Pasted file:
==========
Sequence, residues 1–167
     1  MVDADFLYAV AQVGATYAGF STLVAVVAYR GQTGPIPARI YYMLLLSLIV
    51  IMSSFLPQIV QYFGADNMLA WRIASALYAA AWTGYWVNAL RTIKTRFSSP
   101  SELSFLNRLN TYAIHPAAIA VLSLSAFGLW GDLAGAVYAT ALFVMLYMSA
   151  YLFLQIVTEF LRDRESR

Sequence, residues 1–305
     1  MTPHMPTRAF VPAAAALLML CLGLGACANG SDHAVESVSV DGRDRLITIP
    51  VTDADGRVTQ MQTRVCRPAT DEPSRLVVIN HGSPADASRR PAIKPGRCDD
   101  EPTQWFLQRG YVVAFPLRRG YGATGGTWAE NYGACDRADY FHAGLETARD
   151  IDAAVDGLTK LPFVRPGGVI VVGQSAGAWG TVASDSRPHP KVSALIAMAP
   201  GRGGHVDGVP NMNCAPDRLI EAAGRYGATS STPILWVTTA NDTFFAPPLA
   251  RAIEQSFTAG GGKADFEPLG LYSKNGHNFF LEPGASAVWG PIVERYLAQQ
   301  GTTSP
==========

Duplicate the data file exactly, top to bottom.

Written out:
Sequence, residues 1–167
     1  MVDADFLYAV AQVGATYAGF STLVAVVAYR GQTGPIPARI YYMLLLSLIV
    51  IMSSFLPQIV QYFGADNMLA WRIASALYAA AWTGYWVNAL RTIKTRFSSP
   101  SELSFLNRLN TYAIHPAAIA VLSLSAFGLW GDLAGAVYAT ALFVMLYMSA
   151  YLFLQIVTEF LRDRESR

Sequence, residues 1–305
     1  MTPHMPTRAF VPAAAALLML CLGLGACANG SDHAVESVSV DGRDRLITIP
    51  VTDADGRVTQ MQTRVCRPAT DEPSRLVVIN HGSPADASRR PAIKPGRCDD
   101  EPTQWFLQRG YVVAFPLRRG YGATGGTWAE NYGACDRADY FHAGLETARD
   151  IDAAVDGLTK LPFVRPGGVI VVGQSAGAWG TVASDSRPHP KVSALIAMAP
   201  GRGGHVDGVP NMNCAPDRLI EAAGRYGATS STPILWVTTA NDTFFAPPLA
   251  RAIEQSFTAG GGKADFEPLG LYSKNGHNFF LEPGASAVWG PIVERYLAQQ
   301  GTTSP